Physical education teachers' continuing professional development in health-related exercise
journal contributionposted on 10.01.2013, 14:36 by Lorraine CaleLorraine Cale, Laura Alfrey, Louisa Webb
Background: As a component of the physical education curriculum, Health-Related Exercise (HRE) has been subject to intensive critique in terms of its status, organisation and expression in schools. Concerns and questions have also been raised about physical education teachers' professional knowledge of health and the extent to which HRE features within their continuing professional development (CPD) profiles. Aims: This paper presents findings from a research project which investigated English secondary physical education teachers' experiences, views and understandings of HRE and related CPD (HRE-CPD). It also draws upon existing research, sociological theory and the concept of ‘philosophies’ in order to present an explanatory model (the HRE conundrum) which may help the physical education profession better understand the often problematic organisation and expression of HRE in schools. Methods: The research was undertaken via a two-phase, mixed-method study. Phase one consisted of a survey questionnaire, which was completed by 112 secondary physical education teachers. Phase two involved semi-structured interviews with 12 teachers from the phase one sample. Results and discussion: The survey revealed that approximately half of the physical education teachers who participated in the study reported to have had no prior professional experience of HRE before teaching it, and most had not taken part in any CPD related to health and lifelong physical activity in the previous 12 months (80%) or 3 years (70%). Further, the teachers' responses to both the survey and the interviews suggest that HRE within physical education continues to be characterised by incoherence and misunderstanding. The interdependent and emerging themes which provided an explanation for this include: i) the tendency for the teachers' philosophies to bear the hallmark of sport- and fitness-related ideologies; ii) the teachers' often narrow understandings of HRE and how best to teach it; iii) the teachers' largely misguided confidence in their ability to teach HRE; iv) a general lack of teacher engagement with any CPD related to health and lifelong physical activity. Conclusions: With regard to HRE, both the ‘I’ in ITE and the ‘C’ in CPD appear to have been overlooked, and this inevitably raises questions about the degree to which teachers are prepared to teach this area of the curriculum. It is argued that now is the time for action, and that relevant, effective and ongoing CPD has the capacity to address the problematic teaching of HRE and develop in teachers the knowledge, skills and understandings that are necessary to promote healthy, active lifestyles among young people. Many physical education teachers are not engaging in HRE-CPD but in order to disturb common and often narrow understandings of HRE it is arguably necessary.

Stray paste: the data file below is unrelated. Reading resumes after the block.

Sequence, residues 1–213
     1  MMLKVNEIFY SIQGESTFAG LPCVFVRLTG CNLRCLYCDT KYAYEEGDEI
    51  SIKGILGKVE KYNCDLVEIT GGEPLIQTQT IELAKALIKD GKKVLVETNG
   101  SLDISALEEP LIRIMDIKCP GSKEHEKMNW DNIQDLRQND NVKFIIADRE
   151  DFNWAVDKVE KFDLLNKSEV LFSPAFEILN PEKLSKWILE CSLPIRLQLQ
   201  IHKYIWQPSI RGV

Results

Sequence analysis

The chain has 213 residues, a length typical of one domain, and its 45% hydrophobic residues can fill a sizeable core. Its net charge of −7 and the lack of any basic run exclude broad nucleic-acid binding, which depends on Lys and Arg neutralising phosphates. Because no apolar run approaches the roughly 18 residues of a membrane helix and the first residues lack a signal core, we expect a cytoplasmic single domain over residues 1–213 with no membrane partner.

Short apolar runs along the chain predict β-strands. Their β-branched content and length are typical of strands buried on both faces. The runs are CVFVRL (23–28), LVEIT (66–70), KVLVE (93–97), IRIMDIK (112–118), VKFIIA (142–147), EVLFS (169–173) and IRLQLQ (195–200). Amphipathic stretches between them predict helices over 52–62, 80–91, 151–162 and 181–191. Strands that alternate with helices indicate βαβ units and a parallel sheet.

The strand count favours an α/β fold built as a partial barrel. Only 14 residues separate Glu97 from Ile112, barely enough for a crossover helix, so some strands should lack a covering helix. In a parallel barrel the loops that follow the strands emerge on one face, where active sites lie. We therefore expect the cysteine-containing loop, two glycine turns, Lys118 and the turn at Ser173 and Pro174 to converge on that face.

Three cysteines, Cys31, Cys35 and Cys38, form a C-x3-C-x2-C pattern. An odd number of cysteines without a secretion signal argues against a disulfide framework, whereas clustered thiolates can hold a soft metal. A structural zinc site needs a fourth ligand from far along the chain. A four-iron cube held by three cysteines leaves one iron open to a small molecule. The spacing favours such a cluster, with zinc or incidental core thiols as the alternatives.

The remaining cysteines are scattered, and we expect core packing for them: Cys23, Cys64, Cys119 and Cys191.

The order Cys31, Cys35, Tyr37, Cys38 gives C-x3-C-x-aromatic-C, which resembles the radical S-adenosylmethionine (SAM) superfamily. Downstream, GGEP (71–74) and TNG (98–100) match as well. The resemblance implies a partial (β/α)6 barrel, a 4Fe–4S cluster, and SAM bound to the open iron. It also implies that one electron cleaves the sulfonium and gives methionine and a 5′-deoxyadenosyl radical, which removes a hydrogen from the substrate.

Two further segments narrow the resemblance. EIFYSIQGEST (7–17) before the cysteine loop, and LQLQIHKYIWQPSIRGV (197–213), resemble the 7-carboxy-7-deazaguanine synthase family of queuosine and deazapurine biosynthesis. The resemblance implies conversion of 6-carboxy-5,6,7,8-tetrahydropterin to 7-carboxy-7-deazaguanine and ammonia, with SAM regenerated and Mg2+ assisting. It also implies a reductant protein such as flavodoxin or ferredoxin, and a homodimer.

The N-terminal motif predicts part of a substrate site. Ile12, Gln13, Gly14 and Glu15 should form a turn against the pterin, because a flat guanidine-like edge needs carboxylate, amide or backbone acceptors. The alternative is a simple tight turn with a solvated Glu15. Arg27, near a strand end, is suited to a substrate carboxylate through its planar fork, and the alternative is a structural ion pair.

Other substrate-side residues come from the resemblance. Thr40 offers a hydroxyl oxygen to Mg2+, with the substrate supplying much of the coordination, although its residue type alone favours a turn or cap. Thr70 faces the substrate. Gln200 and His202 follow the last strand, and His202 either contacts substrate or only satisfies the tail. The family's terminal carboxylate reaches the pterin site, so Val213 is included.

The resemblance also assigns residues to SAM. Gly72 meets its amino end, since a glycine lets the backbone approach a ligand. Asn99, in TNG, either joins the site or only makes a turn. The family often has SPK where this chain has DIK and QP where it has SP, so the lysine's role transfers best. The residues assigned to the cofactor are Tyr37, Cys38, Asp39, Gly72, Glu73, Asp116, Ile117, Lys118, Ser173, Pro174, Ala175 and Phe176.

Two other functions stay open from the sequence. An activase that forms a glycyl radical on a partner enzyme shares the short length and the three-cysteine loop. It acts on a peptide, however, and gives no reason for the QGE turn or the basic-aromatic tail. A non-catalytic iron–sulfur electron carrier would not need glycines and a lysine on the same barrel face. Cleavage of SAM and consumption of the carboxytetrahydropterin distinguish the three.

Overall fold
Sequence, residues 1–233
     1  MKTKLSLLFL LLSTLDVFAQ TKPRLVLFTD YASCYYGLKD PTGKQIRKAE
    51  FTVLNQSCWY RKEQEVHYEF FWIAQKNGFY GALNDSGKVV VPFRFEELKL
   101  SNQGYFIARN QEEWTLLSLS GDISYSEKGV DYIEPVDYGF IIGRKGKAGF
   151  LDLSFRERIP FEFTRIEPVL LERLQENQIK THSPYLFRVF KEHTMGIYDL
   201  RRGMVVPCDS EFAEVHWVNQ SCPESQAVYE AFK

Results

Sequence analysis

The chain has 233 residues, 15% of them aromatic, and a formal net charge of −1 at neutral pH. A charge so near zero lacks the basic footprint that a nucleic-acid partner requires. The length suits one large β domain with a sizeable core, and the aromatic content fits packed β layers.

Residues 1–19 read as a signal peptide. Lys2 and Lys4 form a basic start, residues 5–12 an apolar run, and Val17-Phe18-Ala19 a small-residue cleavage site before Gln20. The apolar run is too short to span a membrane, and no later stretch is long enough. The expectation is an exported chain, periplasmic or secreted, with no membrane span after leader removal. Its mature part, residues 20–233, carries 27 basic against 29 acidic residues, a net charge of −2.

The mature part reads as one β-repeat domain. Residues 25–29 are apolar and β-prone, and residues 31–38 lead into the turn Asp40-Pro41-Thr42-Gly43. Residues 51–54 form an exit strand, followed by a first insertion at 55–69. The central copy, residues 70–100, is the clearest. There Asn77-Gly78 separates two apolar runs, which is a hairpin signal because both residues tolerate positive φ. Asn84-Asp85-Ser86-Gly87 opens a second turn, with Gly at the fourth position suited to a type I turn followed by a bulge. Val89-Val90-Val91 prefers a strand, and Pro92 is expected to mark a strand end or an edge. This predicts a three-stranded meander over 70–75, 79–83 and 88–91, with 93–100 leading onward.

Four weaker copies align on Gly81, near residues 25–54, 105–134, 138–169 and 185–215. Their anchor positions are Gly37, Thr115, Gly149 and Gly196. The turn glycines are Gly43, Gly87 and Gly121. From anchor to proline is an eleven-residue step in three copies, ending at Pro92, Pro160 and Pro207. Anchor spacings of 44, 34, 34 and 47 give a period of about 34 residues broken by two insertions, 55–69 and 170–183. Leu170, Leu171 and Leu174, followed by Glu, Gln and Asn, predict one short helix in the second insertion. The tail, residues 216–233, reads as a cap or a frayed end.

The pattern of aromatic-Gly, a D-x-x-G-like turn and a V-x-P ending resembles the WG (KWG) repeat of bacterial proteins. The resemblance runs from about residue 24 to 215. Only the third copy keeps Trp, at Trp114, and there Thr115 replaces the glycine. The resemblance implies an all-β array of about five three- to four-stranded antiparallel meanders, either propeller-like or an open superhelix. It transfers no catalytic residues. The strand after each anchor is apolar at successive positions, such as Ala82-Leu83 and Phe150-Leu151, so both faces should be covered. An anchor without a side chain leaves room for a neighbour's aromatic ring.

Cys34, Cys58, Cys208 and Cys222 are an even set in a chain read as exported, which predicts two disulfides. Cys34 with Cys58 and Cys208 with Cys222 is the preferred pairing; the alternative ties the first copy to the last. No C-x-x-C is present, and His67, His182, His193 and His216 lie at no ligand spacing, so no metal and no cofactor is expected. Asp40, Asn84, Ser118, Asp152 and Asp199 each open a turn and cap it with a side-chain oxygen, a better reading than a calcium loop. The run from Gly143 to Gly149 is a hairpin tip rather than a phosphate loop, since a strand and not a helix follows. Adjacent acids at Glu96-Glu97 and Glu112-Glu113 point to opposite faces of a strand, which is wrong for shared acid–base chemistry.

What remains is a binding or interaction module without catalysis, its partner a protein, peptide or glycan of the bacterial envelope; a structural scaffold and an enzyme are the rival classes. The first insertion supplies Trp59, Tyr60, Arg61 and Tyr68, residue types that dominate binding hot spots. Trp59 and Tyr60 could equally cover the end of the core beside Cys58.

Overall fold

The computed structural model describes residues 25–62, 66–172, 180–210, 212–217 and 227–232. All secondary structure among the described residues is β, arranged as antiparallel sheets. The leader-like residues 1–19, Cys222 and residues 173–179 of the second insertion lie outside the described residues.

- Sport, Exercise and Health Sciences